Citicorp Indus. Credit v. Brock
Annotate this Case
483 U.S. 27 (1987)
U.S. Supreme Court
Citicorp Indus. Credit v. Brock, 483 U.S. 27 (1987)
Citicorp Industrial Credit, Inc. v. Brock
Argued April 20, 1987
Decided June 22, 1987
483 U.S. 27
Section 15(a)(1) of the Fair Labor Standards Act (FLSA or Act) prohibits "any person" from introducing into interstate commerce goods produced in violation of the minimum wage or overtime pay provisions of §§ 6 and 7 of the Act. Under a financing agreement with manufacturer Ely Group, Inc. (Ely), petitioner perfected a security interest in Ely's inventory. After Ely began to fail financially, petitioner took possession of the inventory, part of which was manufactured during a period in which Ely's employees were not paid. Concluding that such items were "hot goods" under § 15(a)(1), the United States Department of Labor filed suits in two Federal District Courts, each of which granted a preliminary injunction prohibiting the transportation or sale of the goods in interstate commerce. The Court of Appeals affirmed the consolidated cases.
Held: Section 15(a)(1) applies to secured creditors who acquire "hot goods" pursuant to a security agreement. Pp. 483 U. S. 32-38.
(a) The goods produced during the period when Ely's employees were not paid were manufactured in violation of § 6 and/or § 7 of the Act, and are "hot goods" for the purposes of § 15(a)(1). Pp. 483 U. S. 32-33.
(b) As a corporate entity, petitioner falls within § 15(a)(1)'s plain language, since that section prohibits "any person" from introducing "hot goods" into commerce, while the Act defines "person" to include corporations. Petitioner's argument that § 15(a)(1)'s exemptions for common carriers and good faith purchasers reflect a congressional intent that the "hot goods" prohibition should apply only to culpable parties, and not to "innocent" secured creditors, is not persuasive. Congress' limitation of the effects of other FLSA provisions to culpable parties indicates that its failure to do so here was not inadvertent. Rather, § 15(a)(1)'s exemption of only two narrow categories of "innocent" persons suggests that all others, whether innocent or not, are covered. There is no indication that Congress actually considered secured creditors when it enacted § 15(a)(1), but, by claiming a general exemption for them, without any duty to ascertain compliance with the Act, petitioner would put them in a better position than good faith purchasers, whom Congress did specifically act to protect. Detailed and particular FLSA exemptions cannot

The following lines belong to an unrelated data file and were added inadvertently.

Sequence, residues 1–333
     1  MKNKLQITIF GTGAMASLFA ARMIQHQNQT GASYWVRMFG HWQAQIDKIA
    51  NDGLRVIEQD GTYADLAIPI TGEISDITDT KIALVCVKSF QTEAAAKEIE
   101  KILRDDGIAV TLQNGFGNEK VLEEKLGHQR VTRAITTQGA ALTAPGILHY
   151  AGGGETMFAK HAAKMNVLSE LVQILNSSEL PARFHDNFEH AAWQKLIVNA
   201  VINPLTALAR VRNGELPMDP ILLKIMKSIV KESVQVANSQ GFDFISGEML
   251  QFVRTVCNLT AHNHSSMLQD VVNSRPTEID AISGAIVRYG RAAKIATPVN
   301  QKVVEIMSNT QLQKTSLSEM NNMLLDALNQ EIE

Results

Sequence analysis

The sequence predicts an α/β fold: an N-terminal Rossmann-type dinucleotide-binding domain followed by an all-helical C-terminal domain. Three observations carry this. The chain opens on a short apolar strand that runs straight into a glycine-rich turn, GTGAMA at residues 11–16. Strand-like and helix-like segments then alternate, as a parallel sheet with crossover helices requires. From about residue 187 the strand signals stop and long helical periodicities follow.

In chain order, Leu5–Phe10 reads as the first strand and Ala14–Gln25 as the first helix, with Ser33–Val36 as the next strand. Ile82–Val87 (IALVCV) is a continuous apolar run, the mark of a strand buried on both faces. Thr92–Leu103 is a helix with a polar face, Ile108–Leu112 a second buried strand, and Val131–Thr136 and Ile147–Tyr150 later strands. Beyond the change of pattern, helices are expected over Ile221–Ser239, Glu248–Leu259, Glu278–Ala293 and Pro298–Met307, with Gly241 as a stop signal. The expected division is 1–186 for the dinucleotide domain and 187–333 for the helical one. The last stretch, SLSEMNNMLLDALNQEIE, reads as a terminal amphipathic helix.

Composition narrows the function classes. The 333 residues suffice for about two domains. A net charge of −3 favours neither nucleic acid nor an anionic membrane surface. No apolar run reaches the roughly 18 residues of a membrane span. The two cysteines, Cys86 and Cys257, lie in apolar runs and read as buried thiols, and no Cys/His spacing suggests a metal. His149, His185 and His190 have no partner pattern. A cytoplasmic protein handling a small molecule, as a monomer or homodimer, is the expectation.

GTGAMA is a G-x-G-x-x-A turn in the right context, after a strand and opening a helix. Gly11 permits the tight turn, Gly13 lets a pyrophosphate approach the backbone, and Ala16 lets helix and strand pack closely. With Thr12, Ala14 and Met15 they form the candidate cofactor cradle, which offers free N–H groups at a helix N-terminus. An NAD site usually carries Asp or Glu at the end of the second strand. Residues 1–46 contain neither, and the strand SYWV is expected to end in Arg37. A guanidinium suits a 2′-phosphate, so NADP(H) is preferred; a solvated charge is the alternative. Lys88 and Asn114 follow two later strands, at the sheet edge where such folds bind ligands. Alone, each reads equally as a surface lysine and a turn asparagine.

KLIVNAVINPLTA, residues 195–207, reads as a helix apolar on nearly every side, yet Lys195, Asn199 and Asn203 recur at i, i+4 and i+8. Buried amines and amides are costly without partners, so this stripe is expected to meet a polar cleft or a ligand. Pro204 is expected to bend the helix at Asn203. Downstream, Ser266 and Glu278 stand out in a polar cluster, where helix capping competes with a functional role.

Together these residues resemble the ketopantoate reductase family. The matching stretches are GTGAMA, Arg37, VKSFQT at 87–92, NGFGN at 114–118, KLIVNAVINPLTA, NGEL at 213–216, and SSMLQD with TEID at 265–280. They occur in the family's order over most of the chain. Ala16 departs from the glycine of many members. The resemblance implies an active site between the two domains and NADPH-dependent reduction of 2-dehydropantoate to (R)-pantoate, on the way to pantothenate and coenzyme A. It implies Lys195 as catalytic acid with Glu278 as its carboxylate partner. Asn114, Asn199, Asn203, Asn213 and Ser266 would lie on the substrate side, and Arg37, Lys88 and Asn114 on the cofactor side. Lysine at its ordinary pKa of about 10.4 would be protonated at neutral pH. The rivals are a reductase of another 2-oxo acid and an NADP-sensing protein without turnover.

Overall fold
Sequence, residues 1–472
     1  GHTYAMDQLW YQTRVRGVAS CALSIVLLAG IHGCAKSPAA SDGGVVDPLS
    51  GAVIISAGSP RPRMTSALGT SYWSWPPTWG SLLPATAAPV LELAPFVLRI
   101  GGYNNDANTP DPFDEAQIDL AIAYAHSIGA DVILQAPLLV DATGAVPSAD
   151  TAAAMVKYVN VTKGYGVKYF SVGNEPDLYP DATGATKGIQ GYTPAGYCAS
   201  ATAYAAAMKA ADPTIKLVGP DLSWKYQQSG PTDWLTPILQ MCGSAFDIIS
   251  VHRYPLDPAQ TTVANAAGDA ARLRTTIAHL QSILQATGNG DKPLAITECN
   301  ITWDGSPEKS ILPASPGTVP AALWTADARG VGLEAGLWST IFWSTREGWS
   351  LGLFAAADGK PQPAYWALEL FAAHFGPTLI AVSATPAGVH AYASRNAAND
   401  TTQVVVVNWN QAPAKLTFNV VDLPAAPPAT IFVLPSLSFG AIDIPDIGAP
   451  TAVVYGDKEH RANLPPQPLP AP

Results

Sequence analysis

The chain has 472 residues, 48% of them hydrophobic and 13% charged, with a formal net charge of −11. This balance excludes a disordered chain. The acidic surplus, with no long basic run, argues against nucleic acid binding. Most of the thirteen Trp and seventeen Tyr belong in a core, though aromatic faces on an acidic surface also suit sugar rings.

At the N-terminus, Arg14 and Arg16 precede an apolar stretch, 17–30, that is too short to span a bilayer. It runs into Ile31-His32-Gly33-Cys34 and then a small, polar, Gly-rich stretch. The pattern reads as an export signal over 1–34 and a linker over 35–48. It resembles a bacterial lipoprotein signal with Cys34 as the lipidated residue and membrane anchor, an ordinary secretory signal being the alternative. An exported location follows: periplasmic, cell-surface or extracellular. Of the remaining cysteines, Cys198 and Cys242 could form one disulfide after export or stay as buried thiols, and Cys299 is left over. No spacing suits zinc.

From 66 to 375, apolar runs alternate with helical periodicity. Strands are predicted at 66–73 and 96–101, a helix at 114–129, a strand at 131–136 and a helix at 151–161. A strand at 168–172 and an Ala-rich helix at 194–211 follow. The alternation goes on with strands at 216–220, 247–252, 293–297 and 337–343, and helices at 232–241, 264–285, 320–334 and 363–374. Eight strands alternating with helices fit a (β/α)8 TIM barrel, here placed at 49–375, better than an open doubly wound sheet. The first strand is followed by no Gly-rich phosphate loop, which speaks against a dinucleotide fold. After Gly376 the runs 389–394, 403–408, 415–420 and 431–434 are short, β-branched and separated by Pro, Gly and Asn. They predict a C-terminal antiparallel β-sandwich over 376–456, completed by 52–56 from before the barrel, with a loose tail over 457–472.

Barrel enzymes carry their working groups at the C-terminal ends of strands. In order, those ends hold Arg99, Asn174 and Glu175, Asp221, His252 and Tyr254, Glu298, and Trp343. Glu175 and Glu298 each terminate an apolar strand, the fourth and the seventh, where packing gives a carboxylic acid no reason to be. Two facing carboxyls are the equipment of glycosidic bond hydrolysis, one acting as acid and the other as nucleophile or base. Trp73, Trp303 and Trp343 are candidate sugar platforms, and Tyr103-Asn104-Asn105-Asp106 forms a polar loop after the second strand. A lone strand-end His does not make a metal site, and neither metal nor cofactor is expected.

be enlarged by implication to include persons not plainly and unmistakably within the Act's terms and spirit. Pp. 483 U. S. 33-35.
(c) By excluding tainted goods from interstate commerce, the application of § 15(a)(1) to secured creditors furthers the FLSA's goal of eliminating the competitive advantage enjoyed by goods produced under substandard labor conditions. Moreover, prohibiting foreclosing creditors from selling "hot goods" also advances the Act's purpose of establishing decent wages and hours, since such creditors will be encouraged to insist that their debtors comply with the Act's minimum wage and overtime pay requirements. Pp. 483 U. S. 35-38.
(d) Applying § 15(a)(1) to secured creditors does not give employees a "lien" on, or priority in, "hot goods" superior to that of the creditors under state law, since creditors' rights in the goods as against the employer are unchanged by such application, while the employees acquire no possessory interest in the goods thereby. Such application is simply an exercise of Congress' power to exclude contraband from interstate commerce. Pp. 483 U. S. 38-39.
788 F.2d 1200, affirmed.
MARSHALL, J., delivered the opinion of the Court, in which REHNQUIST, C.J., and BRENNAN, BLACKMUN, POWELL, O'CONNOR, and SCALIA, JJ., joined. SCALIA, J., filed a concurring opinion, post p. 483 U. S. 40. STEVENS, J., filed a dissenting opinion, in which WHITE, J., joined, post p. 483 U. S. 40.
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